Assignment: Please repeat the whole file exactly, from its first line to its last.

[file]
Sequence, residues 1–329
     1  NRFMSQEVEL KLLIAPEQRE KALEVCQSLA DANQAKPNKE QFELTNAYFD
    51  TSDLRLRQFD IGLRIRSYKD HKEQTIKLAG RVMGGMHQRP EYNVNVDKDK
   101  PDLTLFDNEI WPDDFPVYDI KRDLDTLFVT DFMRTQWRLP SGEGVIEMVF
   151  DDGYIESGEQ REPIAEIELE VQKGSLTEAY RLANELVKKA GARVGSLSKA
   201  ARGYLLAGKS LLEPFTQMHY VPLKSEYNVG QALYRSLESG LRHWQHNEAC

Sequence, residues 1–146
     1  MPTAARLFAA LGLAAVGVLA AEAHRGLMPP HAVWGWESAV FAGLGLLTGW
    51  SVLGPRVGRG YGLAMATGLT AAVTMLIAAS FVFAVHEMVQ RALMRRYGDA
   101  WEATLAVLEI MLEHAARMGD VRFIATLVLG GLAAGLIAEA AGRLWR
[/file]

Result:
Sequence, residues 1–329
     1  NRFMSQEVEL KLLIAPEQRE KALEVCQSLA DANQAKPNKE QFELTNAYFD
    51  TSDLRLRQFD IGLRIRSYKD HKEQTIKLAG RVMGGMHQRP EYNVNVDKDK
   101  PDLTLFDNEI WPDDFPVYDI KRDLDTLFVT DFMRTQWRLP SGEGVIEMVF
   151  DDGYIESGEQ REPIAEIELE VQKGSLTEAY RLANELVKKA GARVGSLSKA
   201  ARGYLLAGKS LLEPFTQMHY VPLKSEYNVG QALYRSLESG LRHWQHNEAC

Sequence, residues 1–146
     1  MPTAARLFAA LGLAAVGVLA AEAHRGLMPP HAVWGWESAV FAGLGLLTGW
    51  SVLGPRVGRG YGLAMATGLT AAVTMLIAAS FVFAVHEMVQ RALMRRYGDA
   101  WEATLAVLEI MLEHAARMGD VRFIATLVLG GLAAGLIAEA AGRLWR